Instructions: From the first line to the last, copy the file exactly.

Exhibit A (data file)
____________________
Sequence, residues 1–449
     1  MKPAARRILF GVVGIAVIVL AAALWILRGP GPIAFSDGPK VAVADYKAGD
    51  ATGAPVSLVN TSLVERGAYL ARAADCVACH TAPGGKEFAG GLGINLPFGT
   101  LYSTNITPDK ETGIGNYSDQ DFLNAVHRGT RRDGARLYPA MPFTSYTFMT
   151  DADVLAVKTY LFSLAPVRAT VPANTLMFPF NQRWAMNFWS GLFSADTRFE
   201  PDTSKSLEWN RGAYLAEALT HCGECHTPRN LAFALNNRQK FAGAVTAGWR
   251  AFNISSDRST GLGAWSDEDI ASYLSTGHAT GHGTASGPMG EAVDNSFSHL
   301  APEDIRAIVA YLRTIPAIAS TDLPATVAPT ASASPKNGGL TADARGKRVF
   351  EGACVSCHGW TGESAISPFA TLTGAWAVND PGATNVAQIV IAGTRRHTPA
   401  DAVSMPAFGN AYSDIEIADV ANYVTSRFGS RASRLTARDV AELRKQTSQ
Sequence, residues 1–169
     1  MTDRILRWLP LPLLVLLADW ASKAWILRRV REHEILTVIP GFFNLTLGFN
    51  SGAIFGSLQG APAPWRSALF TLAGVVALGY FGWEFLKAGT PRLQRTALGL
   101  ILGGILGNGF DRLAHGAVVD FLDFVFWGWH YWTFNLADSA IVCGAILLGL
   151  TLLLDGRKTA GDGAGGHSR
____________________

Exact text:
Sequence, residues 1–449
     1  MKPAARRILF GVVGIAVIVL AAALWILRGP GPIAFSDGPK VAVADYKAGD
    51  ATGAPVSLVN TSLVERGAYL ARAADCVACH TAPGGKEFAG GLGINLPFGT
   101  LYSTNITPDK ETGIGNYSDQ DFLNAVHRGT RRDGARLYPA MPFTSYTFMT
   151  DADVLAVKTY LFSLAPVRAT VPANTLMFPF NQRWAMNFWS GLFSADTRFE
   201  PDTSKSLEWN RGAYLAEALT HCGECHTPRN LAFALNNRQK FAGAVTAGWR
   251  AFNISSDRST GLGAWSDEDI ASYLSTGHAT GHGTASGPMG EAVDNSFSHL
   301  APEDIRAIVA YLRTIPAIAS TDLPATVAPT ASASPKNGGL TADARGKRVF
   351  EGACVSCHGW TGESAISPFA TLTGAWAVND PGATNVAQIV IAGTRRHTPA
   401  DAVSMPAFGN AYSDIEIADV ANYVTSRFGS RASRLTARDV AELRKQTSQ
Sequence, residues 1–169
     1  MTDRILRWLP LPLLVLLADW ASKAWILRRV REHEILTVIP GFFNLTLGFN
    51  SGAIFGSLQG APAPWRSALF TLAGVVALGY FGWEFLKAGT PRLQRTALGL
   101  ILGGILGNGF DRLAHGAVVD FLDFVFWGWH YWTFNLADSA IVCGAILLGL
   151  TLLLDGRKTA GDGAGGHSR